I do not run in those circles. I had no idea there was a Falwell Jr. But I remember his father from the 80s.
And I do know about Liberty University. It was written up as the place to go for conservatives.
I naively assumed that its leadership, however much I disagree with their theology, was more careful with their words.
Maybe I am wrong.
I am not critiquing Falwell Jr. for endorsing Trump (although there are more conservative men to vote for). I am not critiquing those inclined to vote for Trump (I greatly appreciate their frustrations).
I am critiquing Falwell’s poor choice of words:
“In my opinion, Donald Trump lives a life of loving and helping others as Jesus taught in the great commandment.”
Trump lives a life of love? Helping others? Just as Jesus taught?
Did I miss something these last seven months?
Maybe Falwell misspoke? Maybe he was thinking of a Trump doppelganger? Someone who fooled Falwell. Someone no one else recognizes.
Think of a person in your life who you would describe as helpful and loving. Is your first thought of a braggart? Someone with enough hot air to fill the Hindenburg?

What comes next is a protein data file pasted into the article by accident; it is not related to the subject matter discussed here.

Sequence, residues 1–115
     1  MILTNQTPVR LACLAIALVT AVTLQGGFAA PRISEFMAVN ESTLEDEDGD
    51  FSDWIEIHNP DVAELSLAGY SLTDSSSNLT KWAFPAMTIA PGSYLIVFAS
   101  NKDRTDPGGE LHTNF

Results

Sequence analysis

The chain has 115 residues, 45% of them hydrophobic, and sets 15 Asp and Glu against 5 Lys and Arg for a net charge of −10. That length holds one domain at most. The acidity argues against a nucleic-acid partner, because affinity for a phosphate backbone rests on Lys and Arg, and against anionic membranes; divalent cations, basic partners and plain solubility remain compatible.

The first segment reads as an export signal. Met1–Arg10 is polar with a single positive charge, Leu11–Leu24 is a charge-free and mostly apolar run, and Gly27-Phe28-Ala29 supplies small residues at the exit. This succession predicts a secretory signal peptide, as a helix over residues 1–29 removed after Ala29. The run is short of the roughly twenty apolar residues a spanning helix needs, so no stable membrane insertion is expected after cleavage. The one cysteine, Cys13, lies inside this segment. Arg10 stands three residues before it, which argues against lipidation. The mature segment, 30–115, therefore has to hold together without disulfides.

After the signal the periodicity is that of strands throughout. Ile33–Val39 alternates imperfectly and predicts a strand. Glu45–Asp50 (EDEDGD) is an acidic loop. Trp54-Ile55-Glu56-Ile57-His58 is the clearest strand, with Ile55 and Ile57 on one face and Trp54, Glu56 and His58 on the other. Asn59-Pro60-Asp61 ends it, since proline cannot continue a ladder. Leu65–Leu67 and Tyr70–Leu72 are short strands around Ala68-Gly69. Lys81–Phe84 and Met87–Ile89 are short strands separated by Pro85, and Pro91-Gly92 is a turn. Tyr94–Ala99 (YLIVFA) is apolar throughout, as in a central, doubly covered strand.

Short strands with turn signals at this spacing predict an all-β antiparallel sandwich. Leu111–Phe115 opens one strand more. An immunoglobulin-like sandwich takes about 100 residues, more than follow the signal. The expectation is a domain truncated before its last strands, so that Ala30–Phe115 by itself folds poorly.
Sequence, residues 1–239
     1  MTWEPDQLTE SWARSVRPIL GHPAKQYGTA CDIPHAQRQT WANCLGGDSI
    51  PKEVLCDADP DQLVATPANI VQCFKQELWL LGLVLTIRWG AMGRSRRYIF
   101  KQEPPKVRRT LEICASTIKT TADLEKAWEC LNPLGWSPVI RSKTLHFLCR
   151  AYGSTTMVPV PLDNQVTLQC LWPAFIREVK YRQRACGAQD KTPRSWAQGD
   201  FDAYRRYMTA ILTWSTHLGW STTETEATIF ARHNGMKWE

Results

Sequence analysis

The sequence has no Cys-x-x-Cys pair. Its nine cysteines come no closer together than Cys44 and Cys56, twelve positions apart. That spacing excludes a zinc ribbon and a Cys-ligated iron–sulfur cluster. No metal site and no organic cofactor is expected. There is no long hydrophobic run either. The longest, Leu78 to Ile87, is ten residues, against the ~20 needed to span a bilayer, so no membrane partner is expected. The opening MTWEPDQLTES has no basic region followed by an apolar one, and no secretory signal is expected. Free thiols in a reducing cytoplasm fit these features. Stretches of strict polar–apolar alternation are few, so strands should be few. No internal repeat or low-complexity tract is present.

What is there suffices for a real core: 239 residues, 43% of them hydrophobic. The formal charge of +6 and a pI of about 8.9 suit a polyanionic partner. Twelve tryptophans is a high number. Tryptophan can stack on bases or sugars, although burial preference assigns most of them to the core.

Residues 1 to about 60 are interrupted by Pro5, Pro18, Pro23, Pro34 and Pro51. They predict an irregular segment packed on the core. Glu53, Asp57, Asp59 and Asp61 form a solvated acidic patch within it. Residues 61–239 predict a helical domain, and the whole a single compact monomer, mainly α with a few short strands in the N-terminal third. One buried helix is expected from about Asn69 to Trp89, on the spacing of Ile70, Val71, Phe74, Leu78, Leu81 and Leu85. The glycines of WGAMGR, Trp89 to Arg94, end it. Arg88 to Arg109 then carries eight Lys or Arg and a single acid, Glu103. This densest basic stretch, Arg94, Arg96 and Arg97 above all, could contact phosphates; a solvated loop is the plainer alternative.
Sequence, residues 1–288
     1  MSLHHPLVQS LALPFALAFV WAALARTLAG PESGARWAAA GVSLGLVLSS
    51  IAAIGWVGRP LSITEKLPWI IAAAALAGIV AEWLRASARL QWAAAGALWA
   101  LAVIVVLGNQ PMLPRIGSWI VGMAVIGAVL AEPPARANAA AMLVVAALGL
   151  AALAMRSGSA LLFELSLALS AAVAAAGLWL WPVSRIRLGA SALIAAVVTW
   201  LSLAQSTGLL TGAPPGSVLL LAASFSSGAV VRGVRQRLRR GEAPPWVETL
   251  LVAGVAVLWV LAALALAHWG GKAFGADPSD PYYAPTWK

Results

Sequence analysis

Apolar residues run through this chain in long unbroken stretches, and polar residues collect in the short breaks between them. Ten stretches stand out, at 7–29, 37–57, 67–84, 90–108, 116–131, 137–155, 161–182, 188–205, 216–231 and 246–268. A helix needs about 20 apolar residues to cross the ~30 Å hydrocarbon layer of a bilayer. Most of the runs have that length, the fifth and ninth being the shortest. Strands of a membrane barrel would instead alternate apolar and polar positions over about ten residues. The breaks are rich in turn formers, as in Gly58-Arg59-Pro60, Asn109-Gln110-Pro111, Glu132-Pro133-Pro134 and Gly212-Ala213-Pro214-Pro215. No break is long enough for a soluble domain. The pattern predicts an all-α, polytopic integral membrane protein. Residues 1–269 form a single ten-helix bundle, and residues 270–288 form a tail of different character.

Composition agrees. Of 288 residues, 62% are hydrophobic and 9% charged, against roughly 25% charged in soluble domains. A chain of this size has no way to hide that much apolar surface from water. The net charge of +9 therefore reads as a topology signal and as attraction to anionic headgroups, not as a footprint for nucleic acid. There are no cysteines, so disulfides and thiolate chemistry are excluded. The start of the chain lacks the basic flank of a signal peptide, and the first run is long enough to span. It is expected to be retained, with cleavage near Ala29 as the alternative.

Perhaps you think of a person to whom mudslinging is second nature? Calling his chief Republican rival a liar and nasty is a funny way to show love.
Perhaps Falwell was commenting on Trump’s giving to charities. That is hardly common knowledge. And he certainly could not have been referring to Trump’s track record with eminent domain.
The character of a man is usually the first thing that comes to one’s mind. So, is Trump known for his charities or for his mouth?
I have not even brought up his other past problems. After all, out of charity, I believe that, maybe, he has changed. But there is so little history to back it up, it makes no sense for Falwell to makes such unqualified claims.
His endorsement sounds too much like the bravado of Trump: over-the-top rhetoric that has little substance.
It harkens too much of American commercialism: every claim must be fantastic to garner anyone’s attention.
And this is a poor way to communicate, especially for leaders of the Christian church. It is less than faithful to the Ninth Commandment. Christian leaders should not be in the habit of hyperbole when a simple endorsement would do.
Especially when the hyperbole is based upon a highly doubtful premise.
Or perhaps it represents Falwell’s lack of research. Maybe it is not an exaggerated claim but rather an uninformed claim.
That is still a problem. Church leadership should know what they are talking about before speaking out publicly.
On both counts, Falwell erred.
But these errs are common. From endorsing homeschooling as the be-all to promoting the latest Evangelical book as “revolutionary,” the church has too often put up with fast and loose talk.
Is Trump the new standard for what constitutes love in Christian circles? If so, then Falwell should be voting for Cruz, because compared to the new standard, he’s a saint.
The opinions expressed by columnists are their own and do not necessarily represent the views of Barb Wire.